Atonement

Still looking at Master Dogen’s Vow — the last post was on the third paragraph, and now I want to go back to the second —

Past negative actions accumulate and cause the arising of many obstacles to the practice of the Way.
May all Buddhas and Ancestors who have realized the Way extend their compassion and free us from these karmic effects, allowing us to practice without hindrance. May they share with us their boundless compassion, and fill the universe with the virtue of their enlightened teaching.

The last post reflected on Dogen‘s understanding of past, present and future, and of Buddhas and Ancestors. The important point is that these things are not really separate from us and from our present moment. So when we call upon the Buddhas and Ancestors for help, we are not trying to dredge some Holy Other Beings out of a deep abyss of time. They are already here.

I want to say something about “past negative actions.” This is a big sticking spot for a lot of us, I’m sure. We may bounce from blaming others, or blaming “bad luck,” to beating ourselves up over boneheaded things we’ve done.  Neither extreme is helpful.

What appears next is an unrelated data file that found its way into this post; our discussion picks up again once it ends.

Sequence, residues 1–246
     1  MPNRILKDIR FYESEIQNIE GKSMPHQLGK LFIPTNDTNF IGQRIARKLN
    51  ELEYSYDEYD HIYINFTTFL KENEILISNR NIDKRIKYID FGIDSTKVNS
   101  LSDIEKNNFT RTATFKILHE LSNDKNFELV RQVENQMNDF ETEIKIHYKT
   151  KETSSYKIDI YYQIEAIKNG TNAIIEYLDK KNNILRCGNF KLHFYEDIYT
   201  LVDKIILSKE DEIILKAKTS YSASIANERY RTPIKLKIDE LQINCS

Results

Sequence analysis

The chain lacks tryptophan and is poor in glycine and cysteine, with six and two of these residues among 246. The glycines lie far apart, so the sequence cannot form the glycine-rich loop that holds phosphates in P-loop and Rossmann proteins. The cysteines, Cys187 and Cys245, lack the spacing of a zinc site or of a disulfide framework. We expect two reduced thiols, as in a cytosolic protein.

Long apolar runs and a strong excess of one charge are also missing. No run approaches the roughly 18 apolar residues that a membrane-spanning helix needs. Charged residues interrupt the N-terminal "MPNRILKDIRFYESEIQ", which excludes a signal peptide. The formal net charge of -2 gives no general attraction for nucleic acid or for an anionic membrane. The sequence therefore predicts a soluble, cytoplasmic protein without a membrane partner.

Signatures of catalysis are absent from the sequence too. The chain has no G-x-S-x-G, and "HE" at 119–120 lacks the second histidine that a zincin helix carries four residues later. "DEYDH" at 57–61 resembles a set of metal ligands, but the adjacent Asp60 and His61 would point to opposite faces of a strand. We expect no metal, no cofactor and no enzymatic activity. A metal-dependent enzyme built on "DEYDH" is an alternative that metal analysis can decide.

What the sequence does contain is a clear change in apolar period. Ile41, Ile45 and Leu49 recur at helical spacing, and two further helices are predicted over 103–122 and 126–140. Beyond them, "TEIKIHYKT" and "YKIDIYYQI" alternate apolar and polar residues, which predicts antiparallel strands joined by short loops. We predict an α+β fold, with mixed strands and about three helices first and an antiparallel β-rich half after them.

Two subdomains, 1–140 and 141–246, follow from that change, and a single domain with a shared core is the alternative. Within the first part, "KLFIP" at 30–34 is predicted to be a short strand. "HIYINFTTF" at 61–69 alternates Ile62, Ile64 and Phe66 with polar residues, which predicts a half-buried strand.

While fully acknowledging past negative actions, we can do so with compassion and forgiveness toward ourselves. We are imperfect; we have limitations. In this way, the old, negative stuff can drop away.

Just a quick note about atonement — which seems fitting, since we’ve just passed Yom Kippur — the word atonement in general usage means “reparation,” but at etymology dictionary tells me it originally meant “the condition of being at one with others.”  Literally, at-one-ment. So, as we reflect, take time to consider how both denial and guilt separate us from others. Seek at-one-ment.

Read more about the spiritual quest in Rethinking Religion: Finding a Place for Religion in a Modern, Tolerant, Progressive, Peaceful and Science-affirming World.

[A version of this post was published on About.com Buddhism September 18, 2013.]

Leave a Reply

Your email address will not be published.